The Berlin Wall came down. (1989) The checkpoints between East and West Germany were opened for the first time since August 13, 1961. East and West Germany were reunified less than a year later on October 3, 1990.
US President Theodore Roosevelt became the first sitting US President to visit another country on official matters. (1906) President Roosevelt traveled to the Panama Canal to see how construction was coming along.
The "Kristallnacht" attacks occurred, unofficially beginning the holocaust. (1938) "Kristallnacht," or "night of broken glass," happened after Herschel Grynszpan, a Jewish resistance soldier, killed a Nazi diplomat. The Nazis began burning and vandalizing Jewish businesses, homes, synagogues and schools. More than 100 Jews were killed, and Nazi forces arrested more than 30,000 Jewish men over two days, sending most of them to concentration camps; many of the men were later released after promising to leave the country.
The Northeast Blackout of 1965 occurred. (1965) The blackout, which shut off power to more than 30 million people in the US and Canada, was caused by human error; a maintenance worker set the voltage limit on a safety shut-off too low. People were without power for more than 13 hours in cold winter weather.
The US Supreme Court refused to hear a case challenging the legality of the Vietnam War. (1970) The justices voted 6-3 not to hear the Massachusetts v. Laird case, which argued that the Vietnam War wasn't officially declared, and therefore Massachusetts citizens could refuse to serve in the military.
Brokerage firms in the US were ordered to pay $1.03 billion US Dollars to cheated investors. (1998) In one of the largest civil lawsuit settlements in the history of the US, a federal judge required the brokerage houses to pay back investors who claimed they lost money on the NASDAQ because of fraudulent price-fixing.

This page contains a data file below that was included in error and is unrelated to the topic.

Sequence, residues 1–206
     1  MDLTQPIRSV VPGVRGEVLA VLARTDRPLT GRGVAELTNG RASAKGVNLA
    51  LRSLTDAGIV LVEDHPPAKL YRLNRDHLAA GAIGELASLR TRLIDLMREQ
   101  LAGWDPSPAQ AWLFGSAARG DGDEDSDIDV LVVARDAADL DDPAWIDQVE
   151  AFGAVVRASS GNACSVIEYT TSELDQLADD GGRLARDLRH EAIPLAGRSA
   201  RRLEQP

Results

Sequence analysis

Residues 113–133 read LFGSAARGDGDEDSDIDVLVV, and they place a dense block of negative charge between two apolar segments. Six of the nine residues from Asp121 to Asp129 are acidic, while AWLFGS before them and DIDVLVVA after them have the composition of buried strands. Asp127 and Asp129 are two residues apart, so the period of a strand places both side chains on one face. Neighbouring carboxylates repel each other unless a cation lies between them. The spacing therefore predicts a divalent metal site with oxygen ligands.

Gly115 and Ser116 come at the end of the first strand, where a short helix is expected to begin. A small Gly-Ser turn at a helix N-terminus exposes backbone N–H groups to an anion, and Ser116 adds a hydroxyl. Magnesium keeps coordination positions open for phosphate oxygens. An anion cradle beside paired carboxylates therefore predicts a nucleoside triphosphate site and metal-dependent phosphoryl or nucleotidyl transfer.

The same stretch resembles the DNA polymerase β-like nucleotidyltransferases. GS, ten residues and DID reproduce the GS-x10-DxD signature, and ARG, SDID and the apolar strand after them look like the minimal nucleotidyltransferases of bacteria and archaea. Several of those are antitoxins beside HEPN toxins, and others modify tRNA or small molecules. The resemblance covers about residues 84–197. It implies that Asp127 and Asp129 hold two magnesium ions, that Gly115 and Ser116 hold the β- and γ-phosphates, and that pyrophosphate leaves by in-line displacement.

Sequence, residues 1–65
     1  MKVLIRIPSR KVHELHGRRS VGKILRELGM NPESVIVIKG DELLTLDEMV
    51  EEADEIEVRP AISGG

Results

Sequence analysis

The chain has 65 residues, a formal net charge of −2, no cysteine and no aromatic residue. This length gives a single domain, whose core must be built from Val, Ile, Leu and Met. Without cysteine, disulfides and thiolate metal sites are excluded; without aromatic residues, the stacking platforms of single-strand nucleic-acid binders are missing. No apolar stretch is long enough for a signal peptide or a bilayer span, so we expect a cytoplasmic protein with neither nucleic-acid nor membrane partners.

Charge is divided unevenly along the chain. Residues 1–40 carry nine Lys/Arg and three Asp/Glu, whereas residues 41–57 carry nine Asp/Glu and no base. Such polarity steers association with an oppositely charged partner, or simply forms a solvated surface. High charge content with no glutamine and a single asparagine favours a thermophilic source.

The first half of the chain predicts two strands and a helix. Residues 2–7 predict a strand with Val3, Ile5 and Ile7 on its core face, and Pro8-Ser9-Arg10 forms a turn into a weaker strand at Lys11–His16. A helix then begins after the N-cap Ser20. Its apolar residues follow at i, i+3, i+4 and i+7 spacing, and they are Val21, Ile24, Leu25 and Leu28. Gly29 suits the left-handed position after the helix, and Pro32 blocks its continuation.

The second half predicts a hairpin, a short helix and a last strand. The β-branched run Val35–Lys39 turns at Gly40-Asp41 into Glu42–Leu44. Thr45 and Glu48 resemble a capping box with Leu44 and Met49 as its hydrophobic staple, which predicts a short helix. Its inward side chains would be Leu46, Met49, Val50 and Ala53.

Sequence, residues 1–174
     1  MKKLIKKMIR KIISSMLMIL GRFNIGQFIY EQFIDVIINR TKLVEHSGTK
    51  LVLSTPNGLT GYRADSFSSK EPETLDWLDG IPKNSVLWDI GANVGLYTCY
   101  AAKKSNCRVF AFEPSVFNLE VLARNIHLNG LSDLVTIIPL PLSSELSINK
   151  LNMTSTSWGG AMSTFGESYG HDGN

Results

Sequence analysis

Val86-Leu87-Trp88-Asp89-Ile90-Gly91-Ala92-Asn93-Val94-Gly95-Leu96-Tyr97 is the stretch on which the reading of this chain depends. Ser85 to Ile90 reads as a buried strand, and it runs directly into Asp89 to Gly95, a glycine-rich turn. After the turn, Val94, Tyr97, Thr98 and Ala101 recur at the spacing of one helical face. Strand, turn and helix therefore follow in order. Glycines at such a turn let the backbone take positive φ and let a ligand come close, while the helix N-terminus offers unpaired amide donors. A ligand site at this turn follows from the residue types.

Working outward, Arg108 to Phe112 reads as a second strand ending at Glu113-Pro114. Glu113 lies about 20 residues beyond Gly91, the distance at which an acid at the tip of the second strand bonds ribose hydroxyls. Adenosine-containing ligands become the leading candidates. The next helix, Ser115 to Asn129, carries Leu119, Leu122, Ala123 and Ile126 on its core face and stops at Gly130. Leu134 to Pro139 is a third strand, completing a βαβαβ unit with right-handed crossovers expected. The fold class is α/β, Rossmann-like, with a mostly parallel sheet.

The Treaty of Seville was signed, ending the Anglo-Spanish War. (1729) The treaty was the result of a negotiated peace agreement between France, Great Britain and Spain.
The Atlantic Monthly was founded. (1857) Now known as simply The Atlantic, the magazine continues to focus on political, literary and cultural commentary. It is read by more than 400,000 subscribers and delivered 10 times per year.
The US gained rights to Pearl Harbor in Hawaii. (1887) The Hawaiian Kingdom and the US signed the Reciprocity Treaty of 1875, giving the US access to the sugar trade, which benefited the Hawaiian Kingdom economy, and the US gained access to the land where the Pearl Harbor naval base was built. The land gave the US a permanent strategic military advantage in the Pacific. Hawaii became a US state in 1959.
The most destructive natural disaster in the history of the Great Lakes occurred. (1913) The Great Lakes Storm of 1913 was a hurricane-force blizzard that killed more than 250 people and destroyed 19 ships. Much of the damage occurred on Lake Huron, but four of the five Great Lakes suffered damage.
Rolling Stone published for the first time. (1967) The music-centric magazine was founded in San Francisco and now has a bi-monthly circulation of more than one million copies.
The German government passed a controversial data retention bill. (2007) The Bundestag, a lower-level parliament house in Germany, passed a bill that required the telecommunications traffic of its citizens — including e-mail and phone calls — to be stored, without establishing probable cause, for six months.